Which tax structure will best promote both fairness and innovation? What combination of regulation and market forces would produce the most effective health care system? How do we build immigration policy to compete for global talent while preserving a sense of justice and compassion? How can we meet the challenge of passing on a better, stronger country to our kids?
These wonky, nerdtastic public policy questions have always interested me. Smart policy is the invisible structure around us that creates a framework for personal success. People work very hard in places like Belize or Haiti to achieve meagre results for themselves and their families. Life for us is different thanks to public institutions we’ve inherited, through which we solve collective problems and amplify individual success. My writing and my political activism are an effort to pay a debt to those who came before, to contribute my small energy and insight to the unending refinement of those critical institutions. That effort at refinement has ground to a halt, interrupted by an emergency.
It has become very difficult for me to do what I like to do, because policy innovation is currently irrelevant. Have an idea for improving public education? Want to solve our health care access challenges? Know a way to address climate change that might create, rather than undermine, wealth generation? It doesn’t matter. Public policy doesn’t matter right now. There is no competent governing body at the national level capable of responding to a great idea. For the foreseeable future, there will be no helpful federal legislation of any kind. Even at the state and city levels, the dysfunctional hulk of our federal government will severely impede innovation.
Our country has descended into a crisis with no clear end. Political stability and security we took for granted is gone. Until we can discern the shadow of a new political order, thinking about policy issues is little more than imagineering. Worse, it feels like denial or escapism.
The White House is now occupied by the erratic don of a minor organized crime family. Animated by ineptitude and bigotry he is slowly dismantling the last functioning elements of our federal infrastructure. He will probably be removed from office over the next year or so. Even if we are lucky enough to accomplish this feat without a civil war, we face the remaining challenge of crippling the cancerous organization that elevated him to power. Our second political party, my former party, has devolved into a Fascist cult bent on destroying our core institutions. They will remain a threat to our future after Trump is gone.
There is no reasoning with those who remain in the Republican Party. It’s nice that Alabama elected a Democratic Senator, but the details of that victory are sobering. Almost half of the voters in that election were willing to elevate an utterly repugnant and inhumane figure to power. A slightly less-pervy cretin who also promised to roll back the country’s post-Civil War reforms could have easily won that election. We are not engaged in a national discussion over vision or direction, a fact-driven debate influenced by reason. We are at odds not merely on matters of policy, but on the nature of reality itself. This conflict can only be decided by superior power.
The democratic process offers our most hopeful, least destructive path back to stability. This narrow and unlikely outcome depends on a massive electoral shift toward America’s political left. That’s not because the left has great policy ideas, but because they are the one of our two political parties that isn’t infested with Nazis. Democrats and the broader establishment left retains respect for our founding institutions, they embrace basic human compassion, they respect a scientific and empirical reality, and they preserve an attachment to the rule of law. These days, that’s enough to command support from any decent American. In the near term, surviving this crisis depends on placing Democrats in power at every level of government. We cannot return to stability until the Republican Party has been thoroughly gutted, hopefully through electoral failure, but by any means necessary.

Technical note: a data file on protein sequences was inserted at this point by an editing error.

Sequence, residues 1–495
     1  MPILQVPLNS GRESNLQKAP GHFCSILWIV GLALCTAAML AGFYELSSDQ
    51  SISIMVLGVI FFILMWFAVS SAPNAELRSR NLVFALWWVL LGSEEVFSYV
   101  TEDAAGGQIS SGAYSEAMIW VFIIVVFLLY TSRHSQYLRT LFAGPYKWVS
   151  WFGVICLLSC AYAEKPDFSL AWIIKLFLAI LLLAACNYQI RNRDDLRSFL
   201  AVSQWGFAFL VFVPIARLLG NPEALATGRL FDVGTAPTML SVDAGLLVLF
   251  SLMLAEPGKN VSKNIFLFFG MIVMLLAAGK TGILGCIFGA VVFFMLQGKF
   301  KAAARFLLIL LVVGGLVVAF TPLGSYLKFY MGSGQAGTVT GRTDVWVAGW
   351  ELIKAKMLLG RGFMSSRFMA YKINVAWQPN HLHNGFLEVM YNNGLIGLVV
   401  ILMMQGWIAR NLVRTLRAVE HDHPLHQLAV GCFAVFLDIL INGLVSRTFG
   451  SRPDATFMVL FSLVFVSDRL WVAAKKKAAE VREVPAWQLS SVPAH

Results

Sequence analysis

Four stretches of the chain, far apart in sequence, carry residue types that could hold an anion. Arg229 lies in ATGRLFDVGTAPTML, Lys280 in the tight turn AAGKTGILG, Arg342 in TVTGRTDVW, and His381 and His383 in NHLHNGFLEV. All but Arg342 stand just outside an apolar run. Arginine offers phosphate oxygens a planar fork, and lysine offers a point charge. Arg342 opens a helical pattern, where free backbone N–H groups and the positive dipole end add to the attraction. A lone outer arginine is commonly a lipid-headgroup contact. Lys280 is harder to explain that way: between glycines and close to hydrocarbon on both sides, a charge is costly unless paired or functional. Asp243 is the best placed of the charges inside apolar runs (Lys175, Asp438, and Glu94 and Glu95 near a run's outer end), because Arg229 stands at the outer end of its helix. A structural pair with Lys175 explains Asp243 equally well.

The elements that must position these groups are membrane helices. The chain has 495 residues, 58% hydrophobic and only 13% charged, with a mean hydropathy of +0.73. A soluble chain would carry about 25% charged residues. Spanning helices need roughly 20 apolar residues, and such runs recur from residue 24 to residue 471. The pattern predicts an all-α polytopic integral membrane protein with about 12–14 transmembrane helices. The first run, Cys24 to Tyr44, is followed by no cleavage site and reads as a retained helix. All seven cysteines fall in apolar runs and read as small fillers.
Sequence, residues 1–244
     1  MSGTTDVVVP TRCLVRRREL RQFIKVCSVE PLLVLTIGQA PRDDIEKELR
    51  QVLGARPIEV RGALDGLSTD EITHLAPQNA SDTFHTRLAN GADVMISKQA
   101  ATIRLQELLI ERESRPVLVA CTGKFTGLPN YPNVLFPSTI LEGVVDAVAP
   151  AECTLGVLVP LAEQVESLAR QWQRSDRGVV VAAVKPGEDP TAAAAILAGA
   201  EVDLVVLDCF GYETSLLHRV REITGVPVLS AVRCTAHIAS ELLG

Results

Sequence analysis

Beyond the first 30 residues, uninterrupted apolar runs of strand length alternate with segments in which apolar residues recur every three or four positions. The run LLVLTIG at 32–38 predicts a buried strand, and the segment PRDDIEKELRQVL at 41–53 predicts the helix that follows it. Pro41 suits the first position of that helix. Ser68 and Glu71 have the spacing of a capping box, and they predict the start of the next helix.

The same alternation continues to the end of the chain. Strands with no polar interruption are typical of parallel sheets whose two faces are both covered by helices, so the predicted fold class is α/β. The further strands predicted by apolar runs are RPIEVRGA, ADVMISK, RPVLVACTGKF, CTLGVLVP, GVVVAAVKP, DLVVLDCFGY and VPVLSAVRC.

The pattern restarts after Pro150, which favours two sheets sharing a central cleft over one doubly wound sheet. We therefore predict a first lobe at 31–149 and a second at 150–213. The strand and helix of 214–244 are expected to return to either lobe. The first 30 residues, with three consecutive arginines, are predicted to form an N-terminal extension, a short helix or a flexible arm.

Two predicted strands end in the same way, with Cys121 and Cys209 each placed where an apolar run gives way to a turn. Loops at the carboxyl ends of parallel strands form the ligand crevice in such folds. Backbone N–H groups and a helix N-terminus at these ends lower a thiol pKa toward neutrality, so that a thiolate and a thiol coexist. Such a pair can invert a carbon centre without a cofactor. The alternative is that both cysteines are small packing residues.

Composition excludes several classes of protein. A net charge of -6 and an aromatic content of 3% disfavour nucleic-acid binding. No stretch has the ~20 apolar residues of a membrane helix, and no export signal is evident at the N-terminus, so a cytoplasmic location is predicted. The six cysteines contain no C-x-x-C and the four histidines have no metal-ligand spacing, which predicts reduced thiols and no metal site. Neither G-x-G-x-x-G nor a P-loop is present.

If policy is restored to relevance anytime soon, it will probably be under Democratic leadership. I have very little to say about how Democrats should govern the country. I am an old-school conservative and an enthusiast for market economics. I embody what young Democratic hotheads consider the root of our problems. The Democratic Party is not a credible outlet for my ideas or activism, it is merely better than the alternative. I have to help them win, but their victory probably pushes me toward irrelevance.
Ideas I see as crucial to our best political future are trapped under the dead weight of a corrupt and vile Republican Party. Market based approaches to problems ranging from universal health care to gun regulation offer cheap, effective solutions that fit a faster new environment taking shape around us. Those ideas are dead on arrival in a Democratic Party still enamored with 20th century government planning. As a very challenging new year dawns, I feel adrift. The survival of this country depends on the success of my political rivals. I can help them, but they won’t cease to be rivals. Their success will rescue what I care most about, but it will probably also damage my hopes that a market-driven political future might emerge in my generation.
I’ll keep writing partly because I don’t know what else to do with myself. This platform seems to have become useful and I’ll do my best to cultivate it. After a period of uncertainty and discord, there may be room again for good, public-interested people to engage in substantive debates over policy questions. When that happens, it looks like I’ll again be in a position of dissent, rather than influencing the winners. So be it.
Happy New Year, fellow orphans. Let’s go do what we must.